There was this unspoken code of honor that using Dhalsim was cheesing since he had such long limbs to attack. Cheesing in general was frowned upon, especially trapping opponents in a corner and spamming a quick move. Doing so with Chun Li’s lightning kick/Hyakuretsukyaku, E. Honda’s hundred hand slap, and Ryu/Ken’s short kick usually meant game over, so you had to avoid getting trapped that way. Blanka masters were the scariest; some players could unleash volley after volley of lightning cannonballs, push you back to a corner, then unleash electric thunder to pulverize foes.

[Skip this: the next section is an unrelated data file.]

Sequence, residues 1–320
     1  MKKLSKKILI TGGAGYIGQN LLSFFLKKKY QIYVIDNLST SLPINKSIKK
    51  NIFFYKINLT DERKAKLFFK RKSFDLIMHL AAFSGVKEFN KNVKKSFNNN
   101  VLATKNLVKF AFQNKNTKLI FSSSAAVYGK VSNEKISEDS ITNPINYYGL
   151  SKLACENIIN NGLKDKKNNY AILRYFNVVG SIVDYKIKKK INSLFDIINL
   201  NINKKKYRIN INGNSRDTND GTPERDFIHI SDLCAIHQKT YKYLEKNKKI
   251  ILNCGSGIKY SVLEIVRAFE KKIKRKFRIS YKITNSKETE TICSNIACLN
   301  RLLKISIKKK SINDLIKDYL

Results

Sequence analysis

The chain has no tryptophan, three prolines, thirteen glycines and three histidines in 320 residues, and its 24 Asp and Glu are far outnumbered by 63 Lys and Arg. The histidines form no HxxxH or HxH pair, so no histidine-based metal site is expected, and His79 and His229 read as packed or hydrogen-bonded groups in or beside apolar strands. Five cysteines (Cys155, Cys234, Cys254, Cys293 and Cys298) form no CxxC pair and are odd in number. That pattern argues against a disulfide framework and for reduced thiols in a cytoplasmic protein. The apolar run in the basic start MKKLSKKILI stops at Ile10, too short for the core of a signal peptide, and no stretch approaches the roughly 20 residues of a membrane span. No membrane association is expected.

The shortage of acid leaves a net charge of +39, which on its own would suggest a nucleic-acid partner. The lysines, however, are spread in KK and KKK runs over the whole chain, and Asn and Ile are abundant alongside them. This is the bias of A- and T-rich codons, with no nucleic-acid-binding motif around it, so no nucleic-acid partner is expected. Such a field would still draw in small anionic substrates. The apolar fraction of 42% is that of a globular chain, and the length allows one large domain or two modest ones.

I think the biggest appeal of the original Street Fighter II was how every character represents a unique suite of moves that got mixed up with players since they utilized the fighting techniques in different ways. Want a speedy style, even if the blows aren’t as deadly; Chun Li was your fighter. On the opposite end was Zangief who was sluggish in his movements, but devastating in his delivery. The most balanced characters were Guile and Ken/Ryu, making them the most predictable. But for newcomers like myself, it was easy to understand their basic moves, which could be chained together for deadly results. Defeat often meant that you’d have to go to the back of the line and you wouldn’t get to play again for some time. I remember one intense conflict actually went to ten rounds with continuous double knock-outs. We all got into it and everyone had an opinion on what the players should do next, which evoked an understandable, “Can you all please shut up?”